IT’S GOD’S VINEYARD—The whole earth, that is; and every one/thing on it. Sunday we heard the third parable in a row about our lives being a Vineyard that God created, and Jesus asking who will work for it—now. The violence in last week’s story was shocking—the various messengers sent to collect the grapes were killed, and finally even the Son (hmmm. . .) But not so shocking really when we look at the violence acted out on humans beings in our history: the Holocaust, Bosnia, Rwanda, Darfur. And this month we heed especially the Church’s teaching against violence toward the vulnerable: the unborn, the poor, those near death, the condemned. The earth is God’s Vineyard in which we’re called upon to work with and for all those He’s placed us here with.
In light of the President’s jarring diagnosis of the Covid 19 virus, and now many more around him, at all Masses we revisited our procedures in church to do what we can to keep us all safe. Masks are to be worn from entering to leaving, covering from over the nose (otherwise it’s useless) to the chin. This is required by Archbishops Carlson and Rozanski to be in the church. It’s their right to set this rule within the private property of the church. Those who can’t or won’t comply are to pray the Mass at home over the livestream.
Many people thanked me after each of the four Masses for clarifying this, supporting me to do my job to keep a safe atmosphere. I also got one complaint that the Church was going in this direction” of requiring safety practices during the pandemic. But this was directed at me, and it wasn’t done in a respectful manner. I should have just disregarded it in line with what I’ve said about a norm of respect around the parish. But as with all objections to the health practices concerning the pan- demic, I advised the person to contact the Archbishop, since we here only implement the directions we’re given (even though I personally believe in them).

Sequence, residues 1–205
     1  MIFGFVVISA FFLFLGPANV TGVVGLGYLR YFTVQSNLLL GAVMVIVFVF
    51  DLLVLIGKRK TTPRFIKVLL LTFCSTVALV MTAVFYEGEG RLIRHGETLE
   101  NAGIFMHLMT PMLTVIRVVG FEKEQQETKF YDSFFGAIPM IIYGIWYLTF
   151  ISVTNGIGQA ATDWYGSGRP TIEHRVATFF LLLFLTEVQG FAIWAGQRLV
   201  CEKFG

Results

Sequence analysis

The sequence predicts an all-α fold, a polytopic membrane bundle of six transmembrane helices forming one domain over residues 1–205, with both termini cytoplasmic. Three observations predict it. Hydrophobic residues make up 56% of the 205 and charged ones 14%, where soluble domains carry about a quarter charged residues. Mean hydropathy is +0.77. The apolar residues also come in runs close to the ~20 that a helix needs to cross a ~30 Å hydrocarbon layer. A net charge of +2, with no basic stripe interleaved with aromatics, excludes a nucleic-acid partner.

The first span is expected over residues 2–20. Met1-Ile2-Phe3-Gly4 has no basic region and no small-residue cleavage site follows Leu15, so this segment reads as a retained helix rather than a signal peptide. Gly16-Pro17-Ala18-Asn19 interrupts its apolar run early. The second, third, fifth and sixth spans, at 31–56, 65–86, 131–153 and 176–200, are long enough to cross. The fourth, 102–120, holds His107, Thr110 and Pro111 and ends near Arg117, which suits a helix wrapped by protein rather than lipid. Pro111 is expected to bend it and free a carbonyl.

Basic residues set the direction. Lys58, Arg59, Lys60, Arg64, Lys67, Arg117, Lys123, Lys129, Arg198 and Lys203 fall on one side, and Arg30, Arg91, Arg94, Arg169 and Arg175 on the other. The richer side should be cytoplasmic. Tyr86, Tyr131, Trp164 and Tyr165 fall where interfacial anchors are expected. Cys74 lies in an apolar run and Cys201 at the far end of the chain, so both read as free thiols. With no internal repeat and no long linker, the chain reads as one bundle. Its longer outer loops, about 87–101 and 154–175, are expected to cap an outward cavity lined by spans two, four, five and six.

A staff meeting this week dealt with all this, and also the Confirmation coming up, convent and cemetery grounds, school issues, and our startup of Evangelization before long. My own schedule has included meeting with our parish director of the Advent Giving Tree, and the Archdiocesan Regional Coordinator of Schools; I visited Deacon Bob Birkenmeier in the hospital—hopefully he’s out by now–and I’ve had other pastoral and sacramental visits. I’ll meet shortly with Young Adult Group and VBS leadership. A typical round of School Board—Liturgy—Finance—Parish Council meetings starts again this week.
My “pressure valves” in the midst dealing with all this are, first, prayer—especially a morning session (30-40 minutes) before or after Mass, and in the evening, to be quiet with the Lord and receive strength and instruction; and, weekend nights to take care of my own concerns in my comfortable rooms. For these two months this has included Thank-You Notes to many at
St. Rose for their cards and gifts, and some kind welcoming notes here also.
And the work in the Vineyard goes on.